Jun 08, 2016 - 04:07 PM
The “AC Line Voltage” referenced in the manual refers to the high voltage that comes from a typical wall socket.
The uScope is ready for most all signals that are sandwiched within a low voltage 12 volt or 24 volt automotive system. This includes signals that are purely DC as well as AC such as a VRS.
Another confusing aspect with the term AC is the input coupling of lab scopes. The uScope only has DC input coupling built in. So, the question is, “How can I look at an AC signal such as a VRS without AC input coupling?” The answer is that for general testing of a VRS signal, you always want to use DC input coupling. If you use AC input coupling with the uScope or any scope, you could miss very important information in the signal.
For example, there are three basic circuit configurations for VRS sensors.
#1. True AC. Signal rises above the systems 0 volt and also goes below.
#2. The signal is always above the systems 0 volt because the VRS (-) is referenced directly to the system ground (the signal is riding on and rising from the system ground).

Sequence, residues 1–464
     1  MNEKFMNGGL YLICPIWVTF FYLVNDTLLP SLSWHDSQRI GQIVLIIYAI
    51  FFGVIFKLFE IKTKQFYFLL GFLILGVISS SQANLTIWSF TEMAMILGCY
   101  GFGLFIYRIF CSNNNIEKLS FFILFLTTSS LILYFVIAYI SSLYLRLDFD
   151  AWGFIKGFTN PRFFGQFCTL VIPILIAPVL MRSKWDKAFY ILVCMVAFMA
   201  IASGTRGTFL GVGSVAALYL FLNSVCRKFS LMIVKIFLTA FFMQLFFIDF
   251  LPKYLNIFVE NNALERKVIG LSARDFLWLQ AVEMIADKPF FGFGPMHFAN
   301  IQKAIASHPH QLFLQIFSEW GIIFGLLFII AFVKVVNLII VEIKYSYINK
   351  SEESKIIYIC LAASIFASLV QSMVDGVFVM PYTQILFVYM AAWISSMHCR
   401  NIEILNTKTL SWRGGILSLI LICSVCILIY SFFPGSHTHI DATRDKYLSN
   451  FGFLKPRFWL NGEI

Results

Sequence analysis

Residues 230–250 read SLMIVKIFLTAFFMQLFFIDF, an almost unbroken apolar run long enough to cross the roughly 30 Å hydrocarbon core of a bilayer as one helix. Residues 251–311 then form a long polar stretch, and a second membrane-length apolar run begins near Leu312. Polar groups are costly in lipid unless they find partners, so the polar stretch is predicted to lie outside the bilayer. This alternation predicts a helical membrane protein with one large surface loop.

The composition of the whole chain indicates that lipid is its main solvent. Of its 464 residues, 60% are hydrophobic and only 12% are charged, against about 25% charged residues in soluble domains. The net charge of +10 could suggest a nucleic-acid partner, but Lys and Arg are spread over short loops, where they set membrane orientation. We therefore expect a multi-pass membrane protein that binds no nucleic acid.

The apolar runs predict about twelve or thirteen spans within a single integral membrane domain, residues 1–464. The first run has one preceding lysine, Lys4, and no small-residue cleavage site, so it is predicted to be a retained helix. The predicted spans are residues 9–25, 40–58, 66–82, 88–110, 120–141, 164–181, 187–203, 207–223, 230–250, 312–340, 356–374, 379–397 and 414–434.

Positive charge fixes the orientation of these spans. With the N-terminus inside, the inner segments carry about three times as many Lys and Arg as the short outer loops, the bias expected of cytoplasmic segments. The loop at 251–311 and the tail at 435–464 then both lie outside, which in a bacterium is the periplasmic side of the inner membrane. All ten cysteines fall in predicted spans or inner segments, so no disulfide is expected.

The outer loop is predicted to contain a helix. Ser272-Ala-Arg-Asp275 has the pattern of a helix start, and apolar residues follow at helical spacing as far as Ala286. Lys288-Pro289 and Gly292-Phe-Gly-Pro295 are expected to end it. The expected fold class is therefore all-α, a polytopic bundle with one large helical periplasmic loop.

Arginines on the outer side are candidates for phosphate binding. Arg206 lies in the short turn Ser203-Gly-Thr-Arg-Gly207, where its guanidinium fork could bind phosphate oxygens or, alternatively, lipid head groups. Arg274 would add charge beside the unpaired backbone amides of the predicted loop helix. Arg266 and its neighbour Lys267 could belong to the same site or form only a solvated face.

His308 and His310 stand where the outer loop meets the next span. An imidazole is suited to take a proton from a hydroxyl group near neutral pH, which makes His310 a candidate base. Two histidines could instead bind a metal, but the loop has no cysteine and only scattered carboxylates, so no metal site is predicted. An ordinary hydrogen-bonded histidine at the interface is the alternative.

#3. The signal is above the system ground because it is riding on an always present DC voltage.
If the scope is setup to AC input coupling, the only signal you will see correctly is the true AC signal (#1). All of the others you will miss very important information.
For example, #3, if you want to see what the computer sees, you need to use DC input coupling so you can see the DC voltage and the AC sinewave that is pumping the DC voltage up and down. Keep in mind that it is the DC voltage that allows the system to check the basic integrity of the circuit when the wheel is not moving – like a C0035!
Rules of Thumb
1. For general testing always use DC input coupling which will show AC and DC. You get to see it all!
2. When you want to see only the always changing portion of a signal, use AC input coupling. For example, alternator ripples. AC input coupling will block the DC and just show the always changing portion. With the DC blocked you can go to a lower volt/division setting so you can focus in on the detail – the diode humps!
1. AC – “Alternating Current” – electrons pushing then pulling.
2. AC Line Voltage – House voltage/current such is found in a wall socket. Deadly.
3. AC Input Coupling – When it comes to scope input coupling, AC is best to be defined as ALWAYS CHANGING…not alternating current. AC input coupling blocks the DC portion of a signal and only displays the always changing portion of a signal (referenced to the scope display 0 volt line).
If your scope does not have AC input coupling, use the AES AC Pass Filter (AES# 03-90-u). Works with the uScope and most other scopes. Ideal for analyzing alternator ripple and other signals.